After years of intimidation and risking his life to publicise and fight government corruption and injustice, Kenya’s most prominent photojournalist-cum-activist decided this year that enough is enough. Having led many of Kenya’s most dramatic protests in recent years, from carrying 49 coffins around parliament to drawing graffiti on the streets of Nairobi, Boniface Mwangi says he has decided to get off the streets. This move has left many Kenyans disappointed, but Mwangi has vowed to continue fighting for change, just in less risk.
El Anatsui, The junk sculptor – Ghana
When most people spot a discarded bottle cap, rusty nail or block of driftwood, they see junk. But not El Anatsui. For the celebrated Ghanaian sculptor, these everyday materials are the pieces of the puzzle that make up the grand mosaic of his powerfully mesmerising works. Drawing on the artistic traditions of West Africa, El Anatsui’s ambitious and varied sculptures engage with the region’s rich cultural present and past, drawing the acclaim of admirers all around the world.
Baloji, The Maestro on tour – Democratic Republic of Congo
Baloji takes to stages with the swaggering, strutting style of a sapeur and brings a sound that fuses the stirring sounds of the Congolese rumba and soukous with the sharp edge of modern hip-hop, funk and rap. And this year, accompanied by L’Orchestre de la Katuba, the Congolese musician has been taking to a lot of stages in a lot of countries. His eclectic style and conscious message is spreading and it seems audiences cannot get enough.
Mafikizolo, The duo who get Africa dancing – South Africa
After nearly 15 years in the music industry, the South African duo infiltrated the African market with their 2013/2014 hit, “Khona” and became the biggest group on the continent. Comprised of Theo Kgosinkwe and Nhlanhla Nciza, Mafikizolo, the band has exposed the world to South African house music, influencing emerging artists to incorporate the genre into their work. Their latest single, “Tchelete”, featuring Davido, is another hit, and another reason why the duo had to make our list.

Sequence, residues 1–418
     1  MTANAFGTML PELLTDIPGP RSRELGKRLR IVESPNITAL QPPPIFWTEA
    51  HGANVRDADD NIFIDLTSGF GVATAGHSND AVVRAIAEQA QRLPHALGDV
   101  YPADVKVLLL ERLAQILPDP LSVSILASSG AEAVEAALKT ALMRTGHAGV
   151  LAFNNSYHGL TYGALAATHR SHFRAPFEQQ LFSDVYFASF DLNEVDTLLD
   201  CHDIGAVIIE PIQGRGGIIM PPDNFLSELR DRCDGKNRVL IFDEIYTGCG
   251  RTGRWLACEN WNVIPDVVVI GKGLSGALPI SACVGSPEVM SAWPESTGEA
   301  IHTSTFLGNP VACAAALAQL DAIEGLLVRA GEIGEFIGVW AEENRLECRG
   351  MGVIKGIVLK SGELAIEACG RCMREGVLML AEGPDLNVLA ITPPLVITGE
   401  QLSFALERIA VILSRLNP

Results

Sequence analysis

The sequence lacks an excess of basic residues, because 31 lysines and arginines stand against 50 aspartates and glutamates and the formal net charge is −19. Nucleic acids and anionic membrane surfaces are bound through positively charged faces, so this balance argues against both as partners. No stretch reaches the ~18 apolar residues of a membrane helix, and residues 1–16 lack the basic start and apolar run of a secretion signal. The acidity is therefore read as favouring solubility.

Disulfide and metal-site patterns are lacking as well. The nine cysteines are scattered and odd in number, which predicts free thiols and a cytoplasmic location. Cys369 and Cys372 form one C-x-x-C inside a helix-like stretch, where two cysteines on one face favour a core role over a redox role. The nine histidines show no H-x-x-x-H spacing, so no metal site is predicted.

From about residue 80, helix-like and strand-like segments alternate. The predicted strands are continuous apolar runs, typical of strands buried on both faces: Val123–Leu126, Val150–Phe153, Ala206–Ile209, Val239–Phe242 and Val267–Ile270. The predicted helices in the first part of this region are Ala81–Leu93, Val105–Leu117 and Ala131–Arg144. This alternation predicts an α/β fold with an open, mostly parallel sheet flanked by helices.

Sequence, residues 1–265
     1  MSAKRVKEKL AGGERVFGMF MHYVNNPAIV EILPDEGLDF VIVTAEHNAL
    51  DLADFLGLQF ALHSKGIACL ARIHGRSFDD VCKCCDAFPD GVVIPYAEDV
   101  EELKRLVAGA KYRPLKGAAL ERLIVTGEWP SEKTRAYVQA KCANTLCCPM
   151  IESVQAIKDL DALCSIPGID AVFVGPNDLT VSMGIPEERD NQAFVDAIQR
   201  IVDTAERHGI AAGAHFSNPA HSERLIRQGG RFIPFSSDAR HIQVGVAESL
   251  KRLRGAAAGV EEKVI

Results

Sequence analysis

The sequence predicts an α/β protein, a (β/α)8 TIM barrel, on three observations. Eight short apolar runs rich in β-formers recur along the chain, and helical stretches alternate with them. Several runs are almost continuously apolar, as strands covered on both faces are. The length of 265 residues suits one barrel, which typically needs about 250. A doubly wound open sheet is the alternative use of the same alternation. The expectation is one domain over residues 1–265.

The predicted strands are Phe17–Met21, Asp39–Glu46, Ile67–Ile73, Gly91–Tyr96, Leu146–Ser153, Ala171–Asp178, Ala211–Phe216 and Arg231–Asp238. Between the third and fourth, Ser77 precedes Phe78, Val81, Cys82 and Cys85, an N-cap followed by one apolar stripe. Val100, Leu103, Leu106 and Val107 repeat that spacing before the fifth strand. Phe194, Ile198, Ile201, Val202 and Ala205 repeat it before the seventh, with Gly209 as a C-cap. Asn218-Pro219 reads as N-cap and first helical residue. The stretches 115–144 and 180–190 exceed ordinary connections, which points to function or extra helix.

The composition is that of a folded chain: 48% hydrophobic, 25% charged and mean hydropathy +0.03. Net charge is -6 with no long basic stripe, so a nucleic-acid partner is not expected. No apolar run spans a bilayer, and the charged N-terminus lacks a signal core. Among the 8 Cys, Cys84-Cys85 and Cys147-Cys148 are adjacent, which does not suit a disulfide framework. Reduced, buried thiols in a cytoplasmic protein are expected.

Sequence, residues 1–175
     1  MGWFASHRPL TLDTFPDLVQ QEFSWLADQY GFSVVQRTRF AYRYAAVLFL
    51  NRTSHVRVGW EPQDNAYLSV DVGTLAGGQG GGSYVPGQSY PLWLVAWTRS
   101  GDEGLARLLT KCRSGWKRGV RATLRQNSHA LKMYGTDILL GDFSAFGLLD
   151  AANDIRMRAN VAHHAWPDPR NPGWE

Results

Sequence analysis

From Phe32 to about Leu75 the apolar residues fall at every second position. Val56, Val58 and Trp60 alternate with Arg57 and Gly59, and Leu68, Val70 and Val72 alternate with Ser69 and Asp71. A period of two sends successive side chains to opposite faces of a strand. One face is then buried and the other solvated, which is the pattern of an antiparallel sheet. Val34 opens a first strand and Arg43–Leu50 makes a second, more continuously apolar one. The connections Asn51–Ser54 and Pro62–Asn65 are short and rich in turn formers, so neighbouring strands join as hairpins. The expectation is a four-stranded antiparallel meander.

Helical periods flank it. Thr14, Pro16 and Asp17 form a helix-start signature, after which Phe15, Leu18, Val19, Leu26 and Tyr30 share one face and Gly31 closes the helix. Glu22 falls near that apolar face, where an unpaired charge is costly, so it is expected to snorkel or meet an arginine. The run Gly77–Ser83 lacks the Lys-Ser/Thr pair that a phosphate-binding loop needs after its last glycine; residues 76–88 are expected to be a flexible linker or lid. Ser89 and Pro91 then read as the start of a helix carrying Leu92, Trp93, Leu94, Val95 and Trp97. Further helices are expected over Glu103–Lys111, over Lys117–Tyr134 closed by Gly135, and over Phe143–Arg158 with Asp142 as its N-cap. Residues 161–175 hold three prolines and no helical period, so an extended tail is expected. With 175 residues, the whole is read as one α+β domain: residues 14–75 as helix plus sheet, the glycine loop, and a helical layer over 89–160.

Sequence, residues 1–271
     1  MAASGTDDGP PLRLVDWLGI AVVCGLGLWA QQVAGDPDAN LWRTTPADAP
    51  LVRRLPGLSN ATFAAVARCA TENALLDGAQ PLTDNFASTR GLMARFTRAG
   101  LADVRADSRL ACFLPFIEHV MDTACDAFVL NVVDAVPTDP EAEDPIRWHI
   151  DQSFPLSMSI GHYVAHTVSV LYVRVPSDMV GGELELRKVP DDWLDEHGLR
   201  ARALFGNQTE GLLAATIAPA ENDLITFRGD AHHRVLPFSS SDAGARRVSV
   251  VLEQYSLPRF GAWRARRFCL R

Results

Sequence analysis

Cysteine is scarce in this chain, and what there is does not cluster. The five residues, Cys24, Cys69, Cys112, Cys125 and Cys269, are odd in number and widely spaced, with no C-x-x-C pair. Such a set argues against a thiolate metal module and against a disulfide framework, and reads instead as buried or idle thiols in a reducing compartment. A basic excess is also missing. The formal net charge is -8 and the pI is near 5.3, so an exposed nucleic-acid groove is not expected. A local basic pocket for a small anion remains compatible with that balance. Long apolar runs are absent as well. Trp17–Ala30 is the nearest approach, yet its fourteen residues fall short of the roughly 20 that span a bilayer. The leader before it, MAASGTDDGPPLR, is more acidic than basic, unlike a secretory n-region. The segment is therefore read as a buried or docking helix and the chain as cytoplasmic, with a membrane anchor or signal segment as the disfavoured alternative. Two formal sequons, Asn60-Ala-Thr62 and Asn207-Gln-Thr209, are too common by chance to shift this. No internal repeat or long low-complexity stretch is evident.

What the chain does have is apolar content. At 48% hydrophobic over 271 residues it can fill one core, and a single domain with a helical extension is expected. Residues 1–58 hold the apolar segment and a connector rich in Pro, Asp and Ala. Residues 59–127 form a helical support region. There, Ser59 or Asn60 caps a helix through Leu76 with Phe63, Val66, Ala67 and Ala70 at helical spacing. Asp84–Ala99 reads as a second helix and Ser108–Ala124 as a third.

Sindika Dokolo, The gentleman opening a new frontier of African art – Democratic Republic of Congo
He has one of the largest African collections of contemporary art, and served as a keynote speaker at the 1:54 forum this year. Sindika Dokolo is a businessman whose passion for African art is opening a new frontier in the industry. Determined to not only keep contemporary African art on the continent, but to also allow the public to access the works of the most important artists – African or otherwise – Dokolo is fostering a new appreciation for art and painting a bright future for emerging artists.
Hugh Masekela, The old man with young blood – South Africa
He’s still got it. Over 50 years since his first album, 60 years since he first picked up a trumpet, and 75 years since he was born in a township of Witbank, South Africa, the world- famous Afro-Jazz pioneering, protest-song singing, African icon and flugelhornist Hugh Masekela has still got it. With a dry wit, a wide smile and a level of energy befitting of a teenager, Masekela continues to wow and charm crowds across the world with his exuberant performances.